The purpose of the registry is to store key-value pairs of information. It can be considered an equivalent to the Windows registry (only not as complicated).
You might use the registry to hold information that your script needs to store across sessions or requests.
An example would be a setting that needs to be altered by a PHP script, which currently is not possible with TypoScript.
Another example: The Scheduler system extension stores when it ran the last time. The Reports system extension then checks that value, in case it determines that the Scheduler hasn’t run for a while, it issues a warning. While this might not be of much use to someone who has set up an actual cron job for the Scheduler, but it is useful for users who need to run the Scheduler tasks manually due to a lack of access to a cron job.
The registry is not intended to store things that are supposed to go into a session or a cache, use the appropriate API for them instead.
The registry table (sys_registry)¶
Here’s a description of the fields that can be found in the
|uid||int||Primary key, needed for replication and also useful as an index.|
Represents an entry’s namespace. In general, the namespace is an
extension key starting with
The purpose of namespaces is that entries with the same key can exist within different namespaces.
|entry_key||varchar (255)||The entry’s key. Together with the namespace, the key is unique for the whole table. The key can be any string to identify the entry. It’s recommended to use dots as dividers if necessary. In this way, the naming is similar to the syntax already known in TypoScript.|
|entry_value||blob||The entry’s actual value. The value is stored as a serialized string,
thus you can even store arrays or objects in a registry entry – it’s
not recommended though. Using phpMyAdmin’s
The Registry API¶
There is an easy-to-use API for using the registry. Simply call the following code to retrieve an instance of the registry. The instance returned will always be the same, as the registry is a singleton:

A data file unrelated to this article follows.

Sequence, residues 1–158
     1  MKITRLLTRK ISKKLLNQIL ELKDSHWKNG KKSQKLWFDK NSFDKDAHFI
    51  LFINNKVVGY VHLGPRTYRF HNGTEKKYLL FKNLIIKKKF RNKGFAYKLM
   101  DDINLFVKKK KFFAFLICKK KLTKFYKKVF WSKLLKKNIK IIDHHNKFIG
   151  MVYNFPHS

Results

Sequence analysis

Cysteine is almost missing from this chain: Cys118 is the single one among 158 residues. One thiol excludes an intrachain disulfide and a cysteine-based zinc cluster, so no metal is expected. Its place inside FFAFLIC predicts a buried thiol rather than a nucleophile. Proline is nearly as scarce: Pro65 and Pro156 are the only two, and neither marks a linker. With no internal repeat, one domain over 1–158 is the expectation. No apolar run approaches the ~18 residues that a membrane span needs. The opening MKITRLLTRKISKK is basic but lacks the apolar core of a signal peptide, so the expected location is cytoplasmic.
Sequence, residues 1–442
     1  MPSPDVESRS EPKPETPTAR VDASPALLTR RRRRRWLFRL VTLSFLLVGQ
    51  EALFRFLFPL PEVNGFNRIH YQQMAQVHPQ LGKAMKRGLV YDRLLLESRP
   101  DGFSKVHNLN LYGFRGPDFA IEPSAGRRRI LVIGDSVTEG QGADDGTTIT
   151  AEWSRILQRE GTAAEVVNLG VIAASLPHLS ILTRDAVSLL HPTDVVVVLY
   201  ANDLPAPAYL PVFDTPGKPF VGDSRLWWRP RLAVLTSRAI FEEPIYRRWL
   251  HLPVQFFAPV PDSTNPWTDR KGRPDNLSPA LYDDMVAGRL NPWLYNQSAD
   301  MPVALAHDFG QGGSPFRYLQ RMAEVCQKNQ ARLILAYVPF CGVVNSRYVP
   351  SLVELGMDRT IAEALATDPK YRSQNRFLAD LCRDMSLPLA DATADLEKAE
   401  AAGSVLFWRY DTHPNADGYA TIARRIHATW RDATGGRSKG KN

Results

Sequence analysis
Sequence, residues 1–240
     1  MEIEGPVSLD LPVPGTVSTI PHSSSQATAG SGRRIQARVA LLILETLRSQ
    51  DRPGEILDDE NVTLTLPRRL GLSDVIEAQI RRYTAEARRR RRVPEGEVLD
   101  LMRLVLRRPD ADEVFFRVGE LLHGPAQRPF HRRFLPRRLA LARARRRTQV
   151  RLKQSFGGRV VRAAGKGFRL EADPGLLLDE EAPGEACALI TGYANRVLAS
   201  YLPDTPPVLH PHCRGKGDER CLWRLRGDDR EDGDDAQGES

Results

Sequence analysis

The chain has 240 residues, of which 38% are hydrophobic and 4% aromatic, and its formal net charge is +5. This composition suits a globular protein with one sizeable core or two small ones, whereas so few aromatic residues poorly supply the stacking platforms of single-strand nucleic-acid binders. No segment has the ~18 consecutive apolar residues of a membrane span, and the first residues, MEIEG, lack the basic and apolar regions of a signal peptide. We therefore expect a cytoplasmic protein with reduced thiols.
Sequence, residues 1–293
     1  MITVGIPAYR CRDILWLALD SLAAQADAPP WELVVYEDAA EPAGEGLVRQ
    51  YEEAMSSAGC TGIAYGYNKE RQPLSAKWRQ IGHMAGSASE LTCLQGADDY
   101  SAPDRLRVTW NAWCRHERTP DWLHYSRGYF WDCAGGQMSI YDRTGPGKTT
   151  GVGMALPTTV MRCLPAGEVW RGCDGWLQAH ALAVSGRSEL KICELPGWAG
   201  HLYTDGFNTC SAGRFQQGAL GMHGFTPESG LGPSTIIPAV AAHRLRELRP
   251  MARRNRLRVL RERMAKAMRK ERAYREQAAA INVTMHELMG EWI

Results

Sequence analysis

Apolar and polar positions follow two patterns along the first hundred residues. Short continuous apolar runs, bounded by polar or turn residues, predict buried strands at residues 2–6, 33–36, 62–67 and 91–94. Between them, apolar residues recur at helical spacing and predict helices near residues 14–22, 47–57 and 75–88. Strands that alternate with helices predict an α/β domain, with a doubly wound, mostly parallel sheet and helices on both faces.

use TYPO3\CMS\Core\Utility\GeneralUtility; use TYPO3\CMS\Core\Registry; $registry = GeneralUtility::makeInstance(Registry::class);
After retrieving an instance of the registry, you can access the registry values
get() method. The
get() method provides an
interesting third parameter to specify a default value that is returned if the
requested entry is not found in the registry. This happens, for example, the
first time an entry is accessed. Setting a value is also easy with the
$namespace : namespace in which the value to set
$key : the key of the value to set
$value : the value to store
|Represents an entry’s namespace. In general, the namespace is an
extension key that starts with
$namespace : namespace from which the value is to be obtained
$key : the key of the value to be retrieved
$defaultValue : a default value if the key was not found in the given namespace
|Used to get a value from the registry.|
$namespace : namespace from which the value is to be removed
$key : the key of the value to be removed
|Remove an entry from a given namespace.|
|removeAllByNamespace||$namespace : namespace to be emptied||Deletes all values for a given namespace.|
Do not store binary data in the registry, it it not intended for this purpose. Use the file system instead, if you have such needs.
Here’s an example taken from the Scheduler system extension:
use TYPO3\CMS\Core\Utility\GeneralUtility; use TYPO3\CMS\Core\Registry; $context = GeneralUtility::makeInstance(Context::class); $requestStartTimestamp = $context->getPropertyFromAspect('date', 'timestamp'); $registry = \TYPO3\CMS\Core\Utility\GeneralUtility::makeInstance(\TYPO3\CMS\Core\Registry::class); $runInformation = array('start' => $requestStartTimestamp, 'end' => time(), 'type' => $type); $registry->set('tx_scheduler', 'lastRun', $runInformation);
It is retrieved later using:
$registry = GeneralUtility::makeInstance(Registry::class); $lastRun = $registry->get('tx_scheduler', 'lastRun');